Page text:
DIY geiger counter

MarkusB of Lets Make robots designed this simple Geiger counter. If you’ve somehow come across a Geiger counter tube and want to make a detector out of it, this could be just the thing you need. His design uses only commonly available parts, and is powered by a 5v power supply. He plans to make a radiation-seeking robot out of it, perhaps as an atomic version to Natalie Jeremijenko’s feral robotic dogs?

This is all well and good, but how does the circuit work? Let’s take a look:


Looking at the circuit, it basically breaks down into three parts: On the far left, a 555 timer is configured in an astable mode, causing it to generate a square wave at some frequency. This square wave is then fed into a charge pump, creating a (claimed) 300-1000v potential, which is used to power the Geiger counter tube. When a particle or photon of radiation moves through the tube, it allows the inert gas in the tube to conduct electricity (source: Wikipedia), allowing some charge to flow from the high-voltage lead of the tube to the other side. This causes the on the sensing lead to go up for a short amount of time, which then causes a second 555 timer to put out a short pulse.

Note that I haven’t simulated this circuit, so I don’t know if it actually works with the specific components specified, however the general topology (layout) appears to be correct. Have you designed or built a similar circuit for a geiger counter? Have any suggestions to improve this one?


12 thoughts on “DIY geiger counter

  1. A radiation seeking robot seems a good idea, but the problem is radiation tends to get weaker the further away from it you are by orders of magnitude. There is also the problem that there really isn’t that much in the world that’s radioactive. Not to mention, alpha and beta radiation dosen’t travel far in air so you’d have to use a gamma/x-ray emitter, which are pretty hard to come by. It’s also going to be harder if you’re using a Geiger tube instead of a Geiger pancake sensor because a tube isn’t as sensitive as a pancake.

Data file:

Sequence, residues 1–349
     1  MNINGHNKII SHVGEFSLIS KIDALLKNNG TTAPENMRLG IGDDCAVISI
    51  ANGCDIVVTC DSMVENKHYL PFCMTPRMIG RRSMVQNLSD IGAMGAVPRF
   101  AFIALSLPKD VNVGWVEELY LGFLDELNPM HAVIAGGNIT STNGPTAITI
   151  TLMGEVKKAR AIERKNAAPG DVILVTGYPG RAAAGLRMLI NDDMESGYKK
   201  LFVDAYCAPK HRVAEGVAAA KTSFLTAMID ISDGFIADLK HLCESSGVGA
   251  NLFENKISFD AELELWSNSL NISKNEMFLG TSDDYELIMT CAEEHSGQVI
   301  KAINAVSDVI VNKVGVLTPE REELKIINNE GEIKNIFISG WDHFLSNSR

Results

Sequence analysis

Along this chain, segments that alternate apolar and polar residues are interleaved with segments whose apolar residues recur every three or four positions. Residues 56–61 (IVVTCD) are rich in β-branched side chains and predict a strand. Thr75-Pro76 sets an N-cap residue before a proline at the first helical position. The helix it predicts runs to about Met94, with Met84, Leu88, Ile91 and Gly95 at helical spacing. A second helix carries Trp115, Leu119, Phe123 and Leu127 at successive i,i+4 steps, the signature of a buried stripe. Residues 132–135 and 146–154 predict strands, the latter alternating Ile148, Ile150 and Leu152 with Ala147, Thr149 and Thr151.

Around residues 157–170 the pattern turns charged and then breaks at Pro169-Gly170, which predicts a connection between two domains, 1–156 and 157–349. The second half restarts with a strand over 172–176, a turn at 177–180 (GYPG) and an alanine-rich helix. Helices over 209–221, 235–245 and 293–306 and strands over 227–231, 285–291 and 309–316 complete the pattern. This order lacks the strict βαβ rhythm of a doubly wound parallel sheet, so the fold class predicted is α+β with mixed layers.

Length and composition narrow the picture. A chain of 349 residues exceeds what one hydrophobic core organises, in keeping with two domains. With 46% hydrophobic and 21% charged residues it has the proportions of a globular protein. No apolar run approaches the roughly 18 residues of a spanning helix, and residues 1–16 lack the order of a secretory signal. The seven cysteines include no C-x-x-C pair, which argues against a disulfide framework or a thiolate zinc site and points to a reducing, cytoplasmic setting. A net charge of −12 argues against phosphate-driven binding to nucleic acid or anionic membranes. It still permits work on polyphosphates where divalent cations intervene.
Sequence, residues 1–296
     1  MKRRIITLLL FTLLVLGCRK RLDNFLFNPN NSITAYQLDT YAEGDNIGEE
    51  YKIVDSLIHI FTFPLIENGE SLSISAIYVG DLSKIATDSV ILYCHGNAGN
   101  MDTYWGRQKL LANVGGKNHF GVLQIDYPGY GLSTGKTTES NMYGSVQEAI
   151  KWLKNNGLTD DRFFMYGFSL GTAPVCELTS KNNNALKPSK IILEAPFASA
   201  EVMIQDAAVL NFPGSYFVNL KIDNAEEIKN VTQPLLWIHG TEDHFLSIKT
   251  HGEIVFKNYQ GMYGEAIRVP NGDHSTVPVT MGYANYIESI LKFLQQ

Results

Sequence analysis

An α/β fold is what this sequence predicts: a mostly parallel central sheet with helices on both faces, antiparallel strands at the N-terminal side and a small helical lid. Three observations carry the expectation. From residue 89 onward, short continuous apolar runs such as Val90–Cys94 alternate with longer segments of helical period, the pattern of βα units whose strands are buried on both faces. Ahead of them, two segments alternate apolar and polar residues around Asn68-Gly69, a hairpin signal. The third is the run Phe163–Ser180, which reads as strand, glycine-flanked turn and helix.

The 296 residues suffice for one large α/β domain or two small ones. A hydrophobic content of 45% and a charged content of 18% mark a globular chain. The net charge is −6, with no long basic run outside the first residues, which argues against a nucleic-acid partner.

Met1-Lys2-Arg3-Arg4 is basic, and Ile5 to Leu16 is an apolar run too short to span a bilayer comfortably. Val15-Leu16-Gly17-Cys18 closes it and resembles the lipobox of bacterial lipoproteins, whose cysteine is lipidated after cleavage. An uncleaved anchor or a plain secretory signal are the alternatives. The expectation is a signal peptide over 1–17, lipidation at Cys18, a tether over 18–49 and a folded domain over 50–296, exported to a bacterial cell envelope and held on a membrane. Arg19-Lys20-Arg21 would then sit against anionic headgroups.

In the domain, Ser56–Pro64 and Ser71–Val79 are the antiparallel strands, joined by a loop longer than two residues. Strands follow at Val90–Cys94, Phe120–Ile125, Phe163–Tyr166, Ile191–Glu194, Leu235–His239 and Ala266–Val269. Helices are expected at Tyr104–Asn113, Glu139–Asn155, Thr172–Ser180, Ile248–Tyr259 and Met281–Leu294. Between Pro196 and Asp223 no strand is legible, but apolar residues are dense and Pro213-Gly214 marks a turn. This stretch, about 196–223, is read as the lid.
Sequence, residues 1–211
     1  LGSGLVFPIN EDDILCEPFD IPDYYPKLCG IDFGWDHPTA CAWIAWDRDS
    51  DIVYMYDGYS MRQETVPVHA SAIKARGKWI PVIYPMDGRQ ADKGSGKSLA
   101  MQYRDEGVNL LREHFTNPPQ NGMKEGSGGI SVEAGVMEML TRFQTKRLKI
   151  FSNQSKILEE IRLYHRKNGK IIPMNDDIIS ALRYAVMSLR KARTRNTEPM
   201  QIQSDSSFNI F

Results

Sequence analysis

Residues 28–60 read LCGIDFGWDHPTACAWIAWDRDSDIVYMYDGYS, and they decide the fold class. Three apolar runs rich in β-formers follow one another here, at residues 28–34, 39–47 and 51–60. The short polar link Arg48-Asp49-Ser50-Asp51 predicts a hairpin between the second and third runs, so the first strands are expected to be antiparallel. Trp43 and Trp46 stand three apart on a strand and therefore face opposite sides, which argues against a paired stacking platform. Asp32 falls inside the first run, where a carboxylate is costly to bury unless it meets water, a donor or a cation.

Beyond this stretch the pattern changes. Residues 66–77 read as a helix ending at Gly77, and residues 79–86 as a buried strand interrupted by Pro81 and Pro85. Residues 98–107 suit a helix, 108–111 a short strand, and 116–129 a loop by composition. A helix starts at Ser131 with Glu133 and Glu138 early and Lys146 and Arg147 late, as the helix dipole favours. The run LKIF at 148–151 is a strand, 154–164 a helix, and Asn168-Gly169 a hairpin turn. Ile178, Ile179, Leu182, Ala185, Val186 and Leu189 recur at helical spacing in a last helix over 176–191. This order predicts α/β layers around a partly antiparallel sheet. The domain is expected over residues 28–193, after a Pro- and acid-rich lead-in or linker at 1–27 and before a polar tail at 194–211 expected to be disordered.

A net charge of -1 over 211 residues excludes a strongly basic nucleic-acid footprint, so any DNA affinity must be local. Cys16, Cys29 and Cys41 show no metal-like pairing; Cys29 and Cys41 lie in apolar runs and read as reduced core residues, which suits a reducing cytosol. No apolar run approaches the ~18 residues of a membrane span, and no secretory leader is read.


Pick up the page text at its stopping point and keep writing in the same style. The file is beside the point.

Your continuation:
2. Looks OK to me.

    If you’re wanting to maximize battery life, there are a few tweaks that could be made. A CMOS version of the 555 would draw less current, and you could use a dual version while you’re at it to save pins (e.g. 7556). Also, you could replace R7-R9 with some zeners, and switch the oscillator on and off directly via its RST input. (The CMOS version helps with this, because the much higher pin input impedance means you can use larger resistor values, and draw less current).

    Getting a decent transformer is worthwhile too. I’m guessing the one in the diagram is a small mains transformer in reverse. Should be OK at 500 Hz, but core losses may cost you a bit of power. A ferrite design pushed up to 10-50 kHz would be more efficient.

    Otherwise, with a trusty 555, it’s pretty easy to get a basic Geiger counter going.

    Here’s my design, if you’re interested:


  3. The hardest bit is getting hold of the GM tube. Last time I used them, LND inc ( were pretty good about taking credit card orders for small quantities. The all-purpose 712 is a firm industry-standard favourite.

    And as MadRat points out, don’t be disappointed if you struggle to find things that you can pick up with your counter. Your best bet may be to buy some bits of pitchblende off eBay, or perhaps look for an old luminous clock. For robot experiments, I’d be tempted to pot whatever it is in epoxy, in a small box. (Safer). With a 712-sized tube, you should get maybe a few hundred counts per minute nearby, against 15-20 per minute background. It could be quite interesting designing an efficient search algorithm. Even at a metre or more distance, you’ll get just enough above background to triangulate a position (if you don’t mind taking your time to accumulate the counts).


  4. Make magazine needs to make this a genuine feature story in the print edition… Now that we know the ambient radioactive levels in North America are higher than EPA set limits because of rainfall from Fukushima, it’s time US citizens mobilized for survival. The cost of commercial Geiger counters is intentionally prohibitive to the general public, so the only solution, is to do it ourselves!

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